Among Doppler-based parameters, the FTc has gained most attention as a parameter for guiding preload optimization. Other parameters (SV, CI and/or peak velocity) are usually used for complex assessment of hemodynamic status and further optimization. Low specificity of FTc and its dependence on afterload and some demographic parameters (i.e., age, sex) are drawbacks of this approach. Contrary, peak velocity is currently the most appropriate parameter to assess the contractile function. In a recent RCT by Szturz such complex approach with the use of FTc to asses fluid needs, peak velocity to modulate contractility by dobutamine and blood pressure product (systemic resistance) to use vasoactive medication has been associated with improved outcomes in abdominal surgery (118).

Blood pressure is often overlooked target of the pGDT protocols. Adequate perfusion of vital organs is maintained by body regulatory mechanism throughout large scale of perfusion pressures via its natural autoregulatory mechanisms. However, these mechanisms may put the peripheral tissues (including gastrointestinal tract or muscles) perfusion in danger. Maintaining adequate cardiac output is the first step of pGDT, but may endanger local flow through some organs when not coupled with adequate perfusion pressure. Currently number of large-scale retrospective studies exist to support that even short periods of hypotension are associated with postoperative complications (153-156). In one prospective RCT maintaining adequate perfusion pressure was associated with improved outcomes in patients with arterial hypertension (157). However, based on data by Saugel et al. (158), defining the adequate individual perfusion pressures is not that straightforward, because widely used pre-anesthesia values are far from being accurate surrogate.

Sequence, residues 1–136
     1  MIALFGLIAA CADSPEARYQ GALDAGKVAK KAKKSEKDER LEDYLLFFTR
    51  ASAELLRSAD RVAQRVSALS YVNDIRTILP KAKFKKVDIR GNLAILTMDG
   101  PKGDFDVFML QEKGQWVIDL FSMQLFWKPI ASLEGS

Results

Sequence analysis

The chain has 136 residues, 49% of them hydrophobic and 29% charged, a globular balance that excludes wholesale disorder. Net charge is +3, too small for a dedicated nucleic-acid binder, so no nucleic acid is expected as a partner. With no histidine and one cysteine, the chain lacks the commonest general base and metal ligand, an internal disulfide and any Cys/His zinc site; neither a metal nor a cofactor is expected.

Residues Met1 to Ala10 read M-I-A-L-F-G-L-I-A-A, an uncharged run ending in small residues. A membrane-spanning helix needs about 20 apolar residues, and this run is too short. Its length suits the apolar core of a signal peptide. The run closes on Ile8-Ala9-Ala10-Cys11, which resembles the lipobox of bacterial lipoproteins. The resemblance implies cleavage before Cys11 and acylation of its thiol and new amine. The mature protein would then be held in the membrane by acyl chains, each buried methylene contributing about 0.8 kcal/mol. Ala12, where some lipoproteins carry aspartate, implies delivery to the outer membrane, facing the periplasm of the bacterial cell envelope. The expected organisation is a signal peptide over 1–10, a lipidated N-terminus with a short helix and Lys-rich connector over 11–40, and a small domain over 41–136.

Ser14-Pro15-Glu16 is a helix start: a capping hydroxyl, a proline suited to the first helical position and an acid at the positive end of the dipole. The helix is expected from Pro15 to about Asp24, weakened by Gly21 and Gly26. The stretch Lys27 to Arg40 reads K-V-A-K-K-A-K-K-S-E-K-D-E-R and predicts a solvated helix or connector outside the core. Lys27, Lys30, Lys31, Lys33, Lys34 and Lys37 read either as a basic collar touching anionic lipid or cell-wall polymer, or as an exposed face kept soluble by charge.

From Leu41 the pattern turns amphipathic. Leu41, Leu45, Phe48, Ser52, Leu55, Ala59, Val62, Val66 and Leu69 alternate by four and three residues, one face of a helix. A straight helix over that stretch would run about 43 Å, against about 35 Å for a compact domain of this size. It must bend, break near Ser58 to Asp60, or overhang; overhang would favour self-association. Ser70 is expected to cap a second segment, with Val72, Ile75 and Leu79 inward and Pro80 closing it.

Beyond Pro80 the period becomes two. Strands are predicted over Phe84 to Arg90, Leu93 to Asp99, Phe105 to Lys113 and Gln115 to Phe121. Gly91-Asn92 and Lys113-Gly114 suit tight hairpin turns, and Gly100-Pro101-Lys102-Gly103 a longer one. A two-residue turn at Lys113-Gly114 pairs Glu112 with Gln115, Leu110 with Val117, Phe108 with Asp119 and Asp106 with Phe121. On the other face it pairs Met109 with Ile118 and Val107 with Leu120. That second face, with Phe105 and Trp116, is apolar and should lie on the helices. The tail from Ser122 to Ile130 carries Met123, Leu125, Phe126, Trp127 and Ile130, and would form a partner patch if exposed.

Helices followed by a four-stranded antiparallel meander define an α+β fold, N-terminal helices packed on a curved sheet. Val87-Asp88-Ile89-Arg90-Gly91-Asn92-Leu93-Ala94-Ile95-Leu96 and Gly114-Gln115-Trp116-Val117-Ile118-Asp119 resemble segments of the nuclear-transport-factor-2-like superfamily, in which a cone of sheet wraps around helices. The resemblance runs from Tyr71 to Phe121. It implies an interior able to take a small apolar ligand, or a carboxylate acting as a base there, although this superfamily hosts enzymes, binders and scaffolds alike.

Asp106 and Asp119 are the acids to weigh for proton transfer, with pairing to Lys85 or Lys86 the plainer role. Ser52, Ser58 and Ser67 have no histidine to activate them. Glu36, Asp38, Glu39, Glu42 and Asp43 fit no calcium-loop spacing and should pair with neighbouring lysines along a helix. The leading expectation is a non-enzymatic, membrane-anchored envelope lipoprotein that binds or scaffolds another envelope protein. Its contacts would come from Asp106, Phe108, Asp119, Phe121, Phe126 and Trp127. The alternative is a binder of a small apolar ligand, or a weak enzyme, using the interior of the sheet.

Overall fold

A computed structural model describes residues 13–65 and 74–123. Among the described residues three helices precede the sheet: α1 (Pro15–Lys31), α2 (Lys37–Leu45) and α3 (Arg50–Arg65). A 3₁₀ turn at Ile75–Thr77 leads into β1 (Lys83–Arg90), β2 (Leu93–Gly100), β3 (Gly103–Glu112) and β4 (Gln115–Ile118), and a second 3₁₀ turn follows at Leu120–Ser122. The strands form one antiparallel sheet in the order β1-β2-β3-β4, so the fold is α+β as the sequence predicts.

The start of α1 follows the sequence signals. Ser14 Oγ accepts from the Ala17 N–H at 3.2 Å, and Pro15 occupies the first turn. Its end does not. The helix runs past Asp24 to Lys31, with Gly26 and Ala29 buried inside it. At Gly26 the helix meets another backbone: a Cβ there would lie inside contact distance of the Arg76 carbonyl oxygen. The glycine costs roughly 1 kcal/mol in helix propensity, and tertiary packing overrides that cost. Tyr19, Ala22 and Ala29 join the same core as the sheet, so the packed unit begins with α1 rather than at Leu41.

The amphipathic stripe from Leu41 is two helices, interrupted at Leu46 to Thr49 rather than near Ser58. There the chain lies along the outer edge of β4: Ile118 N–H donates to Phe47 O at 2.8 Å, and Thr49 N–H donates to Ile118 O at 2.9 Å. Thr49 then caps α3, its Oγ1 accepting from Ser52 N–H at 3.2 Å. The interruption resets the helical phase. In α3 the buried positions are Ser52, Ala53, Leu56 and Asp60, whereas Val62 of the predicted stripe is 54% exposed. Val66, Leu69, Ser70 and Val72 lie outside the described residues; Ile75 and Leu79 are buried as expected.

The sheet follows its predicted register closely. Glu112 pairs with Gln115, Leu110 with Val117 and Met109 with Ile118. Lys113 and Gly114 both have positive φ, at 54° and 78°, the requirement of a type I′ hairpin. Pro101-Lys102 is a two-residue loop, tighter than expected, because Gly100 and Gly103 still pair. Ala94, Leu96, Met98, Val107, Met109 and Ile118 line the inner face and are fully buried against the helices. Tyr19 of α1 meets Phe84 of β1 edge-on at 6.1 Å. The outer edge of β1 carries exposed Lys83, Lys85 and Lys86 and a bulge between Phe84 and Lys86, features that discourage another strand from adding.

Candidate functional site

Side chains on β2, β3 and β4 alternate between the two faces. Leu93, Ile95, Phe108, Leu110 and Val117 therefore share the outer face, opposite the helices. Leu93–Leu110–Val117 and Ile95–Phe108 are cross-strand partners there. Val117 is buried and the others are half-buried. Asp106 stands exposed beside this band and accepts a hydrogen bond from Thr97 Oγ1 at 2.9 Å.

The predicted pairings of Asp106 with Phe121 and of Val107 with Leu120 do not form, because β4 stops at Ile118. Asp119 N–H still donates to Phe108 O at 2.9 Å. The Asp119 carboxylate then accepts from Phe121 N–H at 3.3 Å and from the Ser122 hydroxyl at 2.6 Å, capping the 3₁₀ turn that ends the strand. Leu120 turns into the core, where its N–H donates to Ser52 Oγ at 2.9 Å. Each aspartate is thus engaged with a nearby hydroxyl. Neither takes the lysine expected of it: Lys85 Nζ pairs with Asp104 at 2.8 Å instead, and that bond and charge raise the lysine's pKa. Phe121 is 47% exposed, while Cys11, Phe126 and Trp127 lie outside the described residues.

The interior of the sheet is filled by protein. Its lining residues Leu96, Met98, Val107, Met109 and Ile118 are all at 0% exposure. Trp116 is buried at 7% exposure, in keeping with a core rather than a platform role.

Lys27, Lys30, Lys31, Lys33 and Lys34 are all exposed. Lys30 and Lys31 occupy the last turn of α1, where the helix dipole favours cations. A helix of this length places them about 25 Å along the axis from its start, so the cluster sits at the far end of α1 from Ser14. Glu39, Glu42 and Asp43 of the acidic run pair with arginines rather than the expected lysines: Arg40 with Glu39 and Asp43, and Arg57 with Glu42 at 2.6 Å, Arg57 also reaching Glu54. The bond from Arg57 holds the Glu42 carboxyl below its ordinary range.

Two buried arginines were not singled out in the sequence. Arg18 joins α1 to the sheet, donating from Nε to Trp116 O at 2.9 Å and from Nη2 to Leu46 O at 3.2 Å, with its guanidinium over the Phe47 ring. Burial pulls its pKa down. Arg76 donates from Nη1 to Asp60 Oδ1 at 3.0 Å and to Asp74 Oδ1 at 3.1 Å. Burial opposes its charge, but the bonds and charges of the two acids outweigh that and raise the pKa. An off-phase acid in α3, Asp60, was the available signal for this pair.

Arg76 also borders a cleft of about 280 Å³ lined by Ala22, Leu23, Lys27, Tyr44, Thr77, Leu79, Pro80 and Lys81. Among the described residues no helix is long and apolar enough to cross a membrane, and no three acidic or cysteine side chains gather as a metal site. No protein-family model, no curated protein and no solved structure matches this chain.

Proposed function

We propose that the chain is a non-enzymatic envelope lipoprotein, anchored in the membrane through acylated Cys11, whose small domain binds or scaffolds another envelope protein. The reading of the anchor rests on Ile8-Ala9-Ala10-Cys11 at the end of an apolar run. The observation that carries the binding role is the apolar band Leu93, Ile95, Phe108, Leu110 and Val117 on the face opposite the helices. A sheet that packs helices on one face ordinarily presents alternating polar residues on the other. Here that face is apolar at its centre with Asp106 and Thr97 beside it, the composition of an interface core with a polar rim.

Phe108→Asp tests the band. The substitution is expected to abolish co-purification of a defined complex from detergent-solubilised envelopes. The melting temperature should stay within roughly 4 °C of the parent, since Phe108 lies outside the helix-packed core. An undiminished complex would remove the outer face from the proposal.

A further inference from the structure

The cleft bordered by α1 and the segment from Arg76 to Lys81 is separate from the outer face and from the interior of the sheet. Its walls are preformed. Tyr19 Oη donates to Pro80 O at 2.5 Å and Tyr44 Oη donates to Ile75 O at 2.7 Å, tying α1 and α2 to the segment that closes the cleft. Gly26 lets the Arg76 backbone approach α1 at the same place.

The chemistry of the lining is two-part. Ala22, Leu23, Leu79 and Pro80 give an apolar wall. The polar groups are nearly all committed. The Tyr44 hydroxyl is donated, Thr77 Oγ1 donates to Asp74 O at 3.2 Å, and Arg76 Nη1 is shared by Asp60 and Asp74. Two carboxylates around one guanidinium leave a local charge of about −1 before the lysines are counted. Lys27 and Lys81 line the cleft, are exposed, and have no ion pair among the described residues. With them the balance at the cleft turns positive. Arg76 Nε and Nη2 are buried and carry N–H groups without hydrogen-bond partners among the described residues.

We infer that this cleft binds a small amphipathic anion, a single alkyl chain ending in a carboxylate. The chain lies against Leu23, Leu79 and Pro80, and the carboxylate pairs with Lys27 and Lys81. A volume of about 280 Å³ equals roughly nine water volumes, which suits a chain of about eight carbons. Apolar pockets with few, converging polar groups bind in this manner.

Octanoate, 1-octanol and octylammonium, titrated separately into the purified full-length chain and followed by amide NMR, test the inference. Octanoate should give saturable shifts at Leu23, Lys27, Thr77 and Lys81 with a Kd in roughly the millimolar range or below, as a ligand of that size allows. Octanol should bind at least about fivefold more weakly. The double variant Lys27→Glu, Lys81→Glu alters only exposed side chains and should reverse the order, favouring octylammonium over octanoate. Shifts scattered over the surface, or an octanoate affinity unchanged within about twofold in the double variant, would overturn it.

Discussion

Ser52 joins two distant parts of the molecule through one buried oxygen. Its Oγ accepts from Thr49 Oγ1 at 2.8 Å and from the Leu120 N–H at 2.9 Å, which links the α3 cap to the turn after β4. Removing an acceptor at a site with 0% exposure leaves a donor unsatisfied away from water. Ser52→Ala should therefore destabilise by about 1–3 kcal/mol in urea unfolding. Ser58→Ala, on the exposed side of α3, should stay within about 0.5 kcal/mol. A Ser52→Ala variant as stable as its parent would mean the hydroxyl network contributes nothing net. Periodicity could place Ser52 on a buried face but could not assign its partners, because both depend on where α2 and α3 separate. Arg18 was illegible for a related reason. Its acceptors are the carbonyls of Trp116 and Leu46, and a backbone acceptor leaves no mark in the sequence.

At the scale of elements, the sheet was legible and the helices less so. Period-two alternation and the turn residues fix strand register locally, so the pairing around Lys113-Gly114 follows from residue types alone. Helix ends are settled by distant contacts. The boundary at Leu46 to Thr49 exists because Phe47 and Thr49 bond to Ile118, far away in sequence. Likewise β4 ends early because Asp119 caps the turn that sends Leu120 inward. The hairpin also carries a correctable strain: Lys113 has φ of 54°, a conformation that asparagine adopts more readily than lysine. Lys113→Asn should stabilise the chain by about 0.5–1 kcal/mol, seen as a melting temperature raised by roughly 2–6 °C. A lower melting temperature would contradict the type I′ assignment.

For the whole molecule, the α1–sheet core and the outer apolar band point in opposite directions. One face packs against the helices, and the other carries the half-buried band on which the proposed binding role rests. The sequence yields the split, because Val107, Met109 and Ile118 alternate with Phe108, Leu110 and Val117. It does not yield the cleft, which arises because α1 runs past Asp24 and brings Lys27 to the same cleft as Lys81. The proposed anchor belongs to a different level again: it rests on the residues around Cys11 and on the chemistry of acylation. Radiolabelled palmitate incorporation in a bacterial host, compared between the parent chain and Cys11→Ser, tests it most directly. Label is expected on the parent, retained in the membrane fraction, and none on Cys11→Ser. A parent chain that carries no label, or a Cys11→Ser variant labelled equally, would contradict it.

Limitations and adoption roadblock

Even though pGDT is currently based on number of positive RCTs and is proposed by several national (or multinational) guidelines, its adoption into real praxis is still challenging (159,160). Recent surveys among anesthesiologists from diverse countries indicates that “pressure monitoring only” is still the prevailing praxis (160-162). Following reasons are major limits in adoption of pGDT: